Lightly wash and pat dry the oyster mushrooms; they need to be very dry to absorb the marinade. Shallots as we used them are orangey garlicky looking things; chop up one or one half shallot clove into very tiny bits. Add the mushroom pieces and shallots to a bowl and drench with enough soy sauce to either cover them or mostly cover them so you can repeatedly drizzle the sauce over with them with a spoon (we did the latter). Add a small amount of honey, or more if you want a sweeter taste. (The original poster recommended other optional things like liquid smoke, which are out of my cooking league at this time). Add ground pepper. Let marinade for 15-30 minutes or so, until the oyster mushrooms are picking up the color of the marinade. Then we're ready to cook, though we want to time it to finish up with the grits and other stuff.
Take a pan and heat it to high heat with a dollop of high heat safflower oil. Add the mushroom discs, flat side down; don't stir around too much or you will "disturb the sear". After a minute, flip the mushrooms and let them sear again. Then add the rest of the sauce. This is the point where big boys and girls who read Cook's Illustrated can add a splash of white wine or liquid smoke to get a more complex flavor.
"Next is the most important part to good scallop mushrooms" says Kathy of the King Oyster Mushroom Vegan Scallops recipe, and she ain't lying. Turn the heat down to medium high and tilt the pan so the juices and 'shrooms pool together and use a spoon to lift and pour the juices over the mushrooms. The heat will continue to evaporate the sauce; I guess this is what big boys and girls who read Cook's Illustrated call a reduction, but I just call it thirty one flavors of delicious. Keep doing this until the sauce is almost gone and the "scallops" are nice and dark and cooked.
Oh, on timing, you want to do this whole step almost last. I'll get to that in the next sections.
Get a package of grits, boil water, add grits. Follow the package. Butter and such are not necessary; you'll have topping. Oh wait, thanks to a blog post crash I can now ask my wife what she did. Ingredients:
- 1 cup white corn grits
- 3 cups water
We did old fashion grits rather than instant grits, probably because I was at Whole Foods but it turned out to work out really well for us. Follow directions, but basically, it's boil the water, add the grits, turn the heat down. It depends on the grits you get.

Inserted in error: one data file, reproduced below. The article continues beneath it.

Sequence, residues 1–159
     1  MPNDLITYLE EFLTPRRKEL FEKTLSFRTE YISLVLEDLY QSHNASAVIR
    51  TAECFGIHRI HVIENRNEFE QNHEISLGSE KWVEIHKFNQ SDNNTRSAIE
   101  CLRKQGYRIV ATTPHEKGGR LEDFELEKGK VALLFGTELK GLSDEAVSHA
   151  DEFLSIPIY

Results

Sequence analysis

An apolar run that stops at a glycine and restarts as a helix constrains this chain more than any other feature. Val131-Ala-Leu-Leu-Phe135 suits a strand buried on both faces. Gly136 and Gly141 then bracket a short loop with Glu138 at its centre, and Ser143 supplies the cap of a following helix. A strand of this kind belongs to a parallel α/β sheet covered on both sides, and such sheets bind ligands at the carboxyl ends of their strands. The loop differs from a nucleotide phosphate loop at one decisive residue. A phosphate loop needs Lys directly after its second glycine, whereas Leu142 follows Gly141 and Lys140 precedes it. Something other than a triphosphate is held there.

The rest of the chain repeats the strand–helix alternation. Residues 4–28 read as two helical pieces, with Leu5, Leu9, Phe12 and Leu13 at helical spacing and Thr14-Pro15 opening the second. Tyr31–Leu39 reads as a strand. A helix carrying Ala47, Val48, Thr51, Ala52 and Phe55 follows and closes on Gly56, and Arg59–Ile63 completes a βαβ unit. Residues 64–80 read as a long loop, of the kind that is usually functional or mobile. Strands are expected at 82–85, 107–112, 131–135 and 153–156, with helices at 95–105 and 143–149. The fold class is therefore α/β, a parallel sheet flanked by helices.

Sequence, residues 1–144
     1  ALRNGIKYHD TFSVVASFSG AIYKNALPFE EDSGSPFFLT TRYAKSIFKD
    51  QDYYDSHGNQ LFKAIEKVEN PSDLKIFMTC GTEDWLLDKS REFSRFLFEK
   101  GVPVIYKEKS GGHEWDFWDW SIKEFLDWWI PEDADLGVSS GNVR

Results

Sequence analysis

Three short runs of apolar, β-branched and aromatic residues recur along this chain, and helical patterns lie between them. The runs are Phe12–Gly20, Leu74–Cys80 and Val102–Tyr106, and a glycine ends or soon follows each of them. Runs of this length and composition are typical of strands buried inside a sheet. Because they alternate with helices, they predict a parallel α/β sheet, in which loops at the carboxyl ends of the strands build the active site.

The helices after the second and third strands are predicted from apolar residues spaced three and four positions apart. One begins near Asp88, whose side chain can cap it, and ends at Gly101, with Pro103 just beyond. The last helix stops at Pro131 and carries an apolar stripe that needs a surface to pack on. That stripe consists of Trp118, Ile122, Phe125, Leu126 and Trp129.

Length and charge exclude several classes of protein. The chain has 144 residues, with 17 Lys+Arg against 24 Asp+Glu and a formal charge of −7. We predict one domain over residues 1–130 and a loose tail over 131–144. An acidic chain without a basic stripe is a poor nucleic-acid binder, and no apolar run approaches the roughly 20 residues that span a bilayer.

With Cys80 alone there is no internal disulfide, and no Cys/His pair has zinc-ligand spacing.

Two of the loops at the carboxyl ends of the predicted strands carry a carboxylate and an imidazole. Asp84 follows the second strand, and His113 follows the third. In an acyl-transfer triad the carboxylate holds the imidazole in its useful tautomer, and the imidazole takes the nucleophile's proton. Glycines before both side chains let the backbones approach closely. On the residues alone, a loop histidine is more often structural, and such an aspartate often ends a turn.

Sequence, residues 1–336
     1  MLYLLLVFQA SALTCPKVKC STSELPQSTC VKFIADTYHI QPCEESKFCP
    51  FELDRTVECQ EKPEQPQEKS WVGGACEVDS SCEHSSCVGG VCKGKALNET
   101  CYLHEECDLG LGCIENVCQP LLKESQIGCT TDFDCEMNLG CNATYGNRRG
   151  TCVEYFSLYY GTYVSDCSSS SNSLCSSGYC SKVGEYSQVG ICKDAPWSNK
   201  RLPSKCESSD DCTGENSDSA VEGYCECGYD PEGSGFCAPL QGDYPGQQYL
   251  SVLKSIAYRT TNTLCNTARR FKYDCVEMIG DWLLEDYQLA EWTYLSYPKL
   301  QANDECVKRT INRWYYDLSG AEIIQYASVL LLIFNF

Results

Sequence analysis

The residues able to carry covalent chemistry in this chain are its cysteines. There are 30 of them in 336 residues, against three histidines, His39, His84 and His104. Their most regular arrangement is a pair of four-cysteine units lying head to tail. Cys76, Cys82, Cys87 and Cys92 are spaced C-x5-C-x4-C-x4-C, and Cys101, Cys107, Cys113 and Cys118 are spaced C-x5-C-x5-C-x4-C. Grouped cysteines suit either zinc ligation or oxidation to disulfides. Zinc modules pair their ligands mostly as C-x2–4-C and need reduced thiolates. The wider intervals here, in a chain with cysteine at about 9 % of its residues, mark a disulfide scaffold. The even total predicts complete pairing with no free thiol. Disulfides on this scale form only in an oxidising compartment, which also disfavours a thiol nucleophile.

Topping for Vegan Shrimp and Grits
When I have shrimp and grits at a place like Nola, the grits are usually drizzled in some kind of barbecue sauce and/or the shrimp and grits are drizzled in some combination of barbecue sauce and a salsa like topping. When I looked online, I found a recipe which seemed similar, Vegan "Shrimp" and Grits, but it was tofu based. From it and my leftover ingredients I improvised the following topping. Ingredients:
- the rest of that shallot you used earlier, or a similar oniony thing
- 2 cloves garlic
- 1/4 white onion
- Olive oil
- Soy sauce
Chop up the shallot really fine. Do the same thing to the garlic. Dice the onion. In a saucepan, add olive oil at medium high heat, then add your onion mixture. Cook until the onions are golden brown or at least translucent. Then add the soy sauce and flinch back from the spray of oil. The boiling liquid will cook the onions the rest of the way (seriously, I'm not joking around about the soy and the flinching; I do this for other dishes too and it's a perfectly legitimate if messy cooking technique). Add the salsa once the mixture has started to reduce. We went heavy on the salsa and reduced it until it was thick, but in hindsight when I eat this the sauce is often runny enough to pour out over the grits and give them a good flavor. You might achieve this with more soy or Worcestershire sauce.On timing, I actually did the king oyster marinade first, then used the shallot while making this, then came back to finish off the sautéing of the "scallops." So now's a good time to talk about how to put this all together.
Practically Vegan Scallops and Grits
Prepare your salad first and set it aside. Cut your bread and set it aside, preparing to toast it at the last minute. If you're making vodka mango smoothies to go along with your meal (recipe not shown), do that in advance too. Start the cauliflower. Chop and prepare the marinade. Start the grits. Chop and prepare the topping. Around this time(ish) take the grits off. Pour the finished topping off. Sauté your mushrooms. When they're almost done, start toasting your bread. Take the mushrooms off. Scoop grits into your bowl. Scoop scallops on top of the grits. Scoop cauliflower on top of the grits. Add your topping to taste. Add your toast pieces. Make sure you have forks, knives, salt, pepper, and optionally Tabasco.
Bring out your salad bowls along with your bowls of vegan grits, serve, eat, and bliss out.
The yums. Definitely doing this again.
Afterword: Why "Practically" Vegan?
Well, my wife feels like she's about done with animal products, except for eggs that she can verify the source of from local farms, or the occasional cheese or daily product as part of a vegetarian meal at our favorite local restaurant, but I'm not vegan, and I didn't take any special steps to make sure the ingredients for these recipes were vegan.